Judicial Institute trains Newly Appointed Judges commissioned by Chief Justice

By Salifu Conteh
The Judicial and Legal Training Institute (JLTI) of the Judiciary of Sierra Leone in collaboration with UK Sierra Leone Pro Bono Network and the Judicial Institute for Africa (JIA) with support from the Department for International (DFID) – ROLE UK and the Recovery Justice Programmes (RJP) on the 6th September, 2017 completed four day intensive training for thirty-five (35) judges including the newly appointed judges on “Core Skills for Newly-Appointed Judges” at the Family Kingdom Conference Hall in Freetown.
Though the training was primarily planned for newly recruited judges, yet an invitation was extended to sitting judges and they were in full attendance.
Opening the session, the Hon Chief Justice of the Republic of Sierra Leone Hon Mr. Justice Abdulai Hamid Charm said, the training is organized by the Judiciary in collaboration with it international partners for the newly appointed judges. Addressing the judges, the Hon Chief Justice said, there is a big difference between been a very good practitioner or magistrates and that of a judge. He said the workshop is to ensure that the judges are placed in a sound footing so that they will be able to handle their respective courts accordingly and to dispense justice in accordance with the law. He said the training was designed in a way that they will be equipped and empowered to be presidents of their courts.

He beseeched them to move with the ongoing judicial reforms and also encouraged them to read all legal documents effectively including the “Rule of Court and other relevant Law Reports”. “The issue of public trust has increased and we get to the acme when decisions are taken by judges are in line with law and integrity”. “I am happy and very lucky to have international partners like Role UK, DFID through the Recovery Justice Project (RJP) and the United Nations Development Program for being so resourceful to the Judiciary of Sierra Leone” the Hon Chief Justice disclosed.
Given his lecture on the topic “Separation of Power”, the former Chief Justice of Belize Dr. Abdulai O. Conteh told Sierra Leone judges that Separation of Power is the bedrock of judicial independence and today the fundamental principle of Public Law; noting that the principle postulates that in a functional democracy, the three foremost institution of governance are separated and distinct. He said the role and function of the Judiciary in a democratic state is to ensure that laws and regulations that govern the state are interpreted accordingly.
He said judicial independence is easily stated than defined; there is no judicial independence without judicial impartiality stressing that judicial impartiality is when all those who appear before the courts, be they the high and mighty or the subjects, are equal before the law and decision taken by a judge must be in accordance with the law and the facts or merits of any particular case.
Dr. Abdulai O. Conteh said this requires institutional and administrative independence and these can be achieved when there is financial independence of the Judiciary. Defining financial independence, he said monies voted or appropriated to the Judiciary should be under the control of the Judiciary and its staff but will require the necessary accountability of the Judiciary for those, as it is for all public funds.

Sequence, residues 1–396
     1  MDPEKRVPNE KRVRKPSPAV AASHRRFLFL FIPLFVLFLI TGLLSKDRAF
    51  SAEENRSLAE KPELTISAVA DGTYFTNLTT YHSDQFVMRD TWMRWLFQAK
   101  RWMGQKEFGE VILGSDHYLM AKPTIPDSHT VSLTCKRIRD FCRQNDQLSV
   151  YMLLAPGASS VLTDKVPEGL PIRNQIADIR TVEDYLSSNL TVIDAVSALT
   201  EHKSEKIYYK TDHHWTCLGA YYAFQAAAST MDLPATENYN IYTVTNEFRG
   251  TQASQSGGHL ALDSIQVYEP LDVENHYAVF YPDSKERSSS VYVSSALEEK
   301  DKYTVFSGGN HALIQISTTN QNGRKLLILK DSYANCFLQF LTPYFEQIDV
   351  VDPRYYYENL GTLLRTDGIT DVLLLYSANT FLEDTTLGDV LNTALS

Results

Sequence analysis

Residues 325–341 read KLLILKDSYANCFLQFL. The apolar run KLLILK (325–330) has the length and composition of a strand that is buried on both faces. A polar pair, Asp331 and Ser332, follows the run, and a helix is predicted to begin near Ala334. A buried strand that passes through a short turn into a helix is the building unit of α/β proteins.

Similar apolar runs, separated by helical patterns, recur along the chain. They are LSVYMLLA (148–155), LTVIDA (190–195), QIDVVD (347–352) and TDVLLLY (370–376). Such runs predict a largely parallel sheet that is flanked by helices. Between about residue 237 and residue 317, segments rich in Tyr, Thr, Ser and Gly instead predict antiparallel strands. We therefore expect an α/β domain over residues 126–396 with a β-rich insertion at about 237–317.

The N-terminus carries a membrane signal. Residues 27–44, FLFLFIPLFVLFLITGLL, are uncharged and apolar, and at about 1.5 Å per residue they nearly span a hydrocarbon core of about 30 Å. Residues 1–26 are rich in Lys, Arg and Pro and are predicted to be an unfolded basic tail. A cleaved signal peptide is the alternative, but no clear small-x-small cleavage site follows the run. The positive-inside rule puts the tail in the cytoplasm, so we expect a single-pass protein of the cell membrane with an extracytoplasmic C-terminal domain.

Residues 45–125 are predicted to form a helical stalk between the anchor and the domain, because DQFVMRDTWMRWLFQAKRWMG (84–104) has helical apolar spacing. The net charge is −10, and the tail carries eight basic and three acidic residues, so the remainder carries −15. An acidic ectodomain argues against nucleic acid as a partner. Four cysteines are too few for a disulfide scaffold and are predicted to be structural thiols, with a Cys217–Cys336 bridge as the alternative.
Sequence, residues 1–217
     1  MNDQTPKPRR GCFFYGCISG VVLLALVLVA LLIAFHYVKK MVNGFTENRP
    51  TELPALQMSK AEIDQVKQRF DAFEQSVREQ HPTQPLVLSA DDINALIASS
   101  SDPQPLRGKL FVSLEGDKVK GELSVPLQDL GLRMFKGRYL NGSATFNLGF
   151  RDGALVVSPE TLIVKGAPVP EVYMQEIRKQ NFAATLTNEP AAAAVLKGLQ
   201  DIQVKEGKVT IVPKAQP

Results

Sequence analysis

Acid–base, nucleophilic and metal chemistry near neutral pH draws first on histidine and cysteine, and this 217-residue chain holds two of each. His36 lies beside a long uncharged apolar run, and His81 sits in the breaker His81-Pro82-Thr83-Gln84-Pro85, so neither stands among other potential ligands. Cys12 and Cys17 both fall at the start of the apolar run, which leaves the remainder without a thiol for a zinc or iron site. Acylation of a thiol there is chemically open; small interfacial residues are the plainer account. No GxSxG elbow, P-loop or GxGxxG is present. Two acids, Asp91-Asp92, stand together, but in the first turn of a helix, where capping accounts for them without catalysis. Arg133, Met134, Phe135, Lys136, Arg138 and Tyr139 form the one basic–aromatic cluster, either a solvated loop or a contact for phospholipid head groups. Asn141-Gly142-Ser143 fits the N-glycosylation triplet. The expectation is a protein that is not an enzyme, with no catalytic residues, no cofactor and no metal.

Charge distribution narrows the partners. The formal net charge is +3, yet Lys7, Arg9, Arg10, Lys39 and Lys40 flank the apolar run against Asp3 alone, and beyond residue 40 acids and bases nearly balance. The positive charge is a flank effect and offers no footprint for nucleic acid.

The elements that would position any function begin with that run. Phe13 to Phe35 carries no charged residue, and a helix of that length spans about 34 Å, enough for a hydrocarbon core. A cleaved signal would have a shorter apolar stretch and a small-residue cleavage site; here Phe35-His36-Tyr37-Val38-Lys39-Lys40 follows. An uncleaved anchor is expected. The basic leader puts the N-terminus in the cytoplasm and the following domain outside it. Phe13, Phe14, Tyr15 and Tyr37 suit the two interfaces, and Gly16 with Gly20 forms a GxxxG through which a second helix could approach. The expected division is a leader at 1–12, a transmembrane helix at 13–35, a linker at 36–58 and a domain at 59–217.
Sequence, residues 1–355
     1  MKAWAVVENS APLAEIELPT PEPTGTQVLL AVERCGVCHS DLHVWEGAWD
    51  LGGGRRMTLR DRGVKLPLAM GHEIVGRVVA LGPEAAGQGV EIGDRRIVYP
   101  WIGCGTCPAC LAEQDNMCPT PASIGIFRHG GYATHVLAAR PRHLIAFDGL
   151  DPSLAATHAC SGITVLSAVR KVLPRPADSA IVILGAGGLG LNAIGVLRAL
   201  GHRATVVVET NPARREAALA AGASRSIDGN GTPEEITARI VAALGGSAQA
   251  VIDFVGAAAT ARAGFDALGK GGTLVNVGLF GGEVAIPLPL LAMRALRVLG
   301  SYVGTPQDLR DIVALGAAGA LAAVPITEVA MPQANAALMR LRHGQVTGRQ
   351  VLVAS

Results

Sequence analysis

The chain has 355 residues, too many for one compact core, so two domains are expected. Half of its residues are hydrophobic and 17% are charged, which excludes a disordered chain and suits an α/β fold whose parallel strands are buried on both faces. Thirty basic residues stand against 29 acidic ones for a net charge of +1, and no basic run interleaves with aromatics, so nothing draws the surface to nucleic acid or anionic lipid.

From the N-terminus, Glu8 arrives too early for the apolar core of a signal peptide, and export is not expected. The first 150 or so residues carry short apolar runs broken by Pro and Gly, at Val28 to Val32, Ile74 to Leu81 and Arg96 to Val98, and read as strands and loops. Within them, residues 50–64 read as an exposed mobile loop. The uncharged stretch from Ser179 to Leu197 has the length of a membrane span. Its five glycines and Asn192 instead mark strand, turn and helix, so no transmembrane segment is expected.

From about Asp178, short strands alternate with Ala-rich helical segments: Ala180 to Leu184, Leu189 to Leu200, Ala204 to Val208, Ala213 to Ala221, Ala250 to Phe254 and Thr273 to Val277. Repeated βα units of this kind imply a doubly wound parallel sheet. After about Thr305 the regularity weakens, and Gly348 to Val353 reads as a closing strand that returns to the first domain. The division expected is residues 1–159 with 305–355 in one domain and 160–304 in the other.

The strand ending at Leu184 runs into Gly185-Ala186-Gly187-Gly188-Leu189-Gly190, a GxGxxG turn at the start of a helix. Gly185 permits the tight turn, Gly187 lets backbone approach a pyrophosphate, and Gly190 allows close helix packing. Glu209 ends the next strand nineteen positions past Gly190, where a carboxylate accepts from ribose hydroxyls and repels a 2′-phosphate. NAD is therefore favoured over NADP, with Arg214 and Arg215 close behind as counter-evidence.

In his talk on Case Management, Richard Honey of the UK Sierra Leone Pro Bono Network said, Case Management entails the process of documenting the progress of cases and actions through the court system and also the active involvement of judicial officer in the process of adjudication of cases. He told the judges that Case Management increased the participation of stakeholders in the case adjudication for the expeditious resolutions of the dispute and will enable the court to seal loopholes used by litigants to affect the pace of litigation.
He said effective case management requires knowledge of the procedural and substantive laws. In particular, knowledge in the rules governing the process is imperative. He stressed that judges should imposed credible timelines and sanctioned any breach. “If lawyers know that the judge’s timelines mean nothing they will breach them with impunity and in the long term the judge’s management of the cases may lose credibility”. He said.
Speaking on Bail and Sentencing and Criminal Law and Procedure Titbits, the Hon Mr. Justice N.C Browne-Marke said, the new Bail and Sentencing instruments address uniformity in bail and sentencing in the Judiciary of Sierra Leone. He stressed that the issue of granting bail must be a matter of rights for all minor offenses, and at the discretion of the Judge and Magistrate for offenses that attract life imprisonment and by a judge for offenses that attract death penalty. He said one of the principal aims of the Bail and Sentencing Instrument is to ensure that accused persons standing trial before the court most at all-time enjoy fair trial through the protection of law and the presumption of innocent. “It is a bad practice for an accused person who may be later found innocent to be kept in prison for the rest of his trail”. He said.
Other topics like Judgement Writing and Motions Applications were handled by Hon Justice Dingake, Contract Law and its remedies from a judicial perspectivewas dealt with by Hon. Mrs. Justice M. V. Solomon (JSC) Consideration of Ethics Scenarios in groups facilitated by Faculty was led by Lord HHJ Hatton of the United Kingdom.

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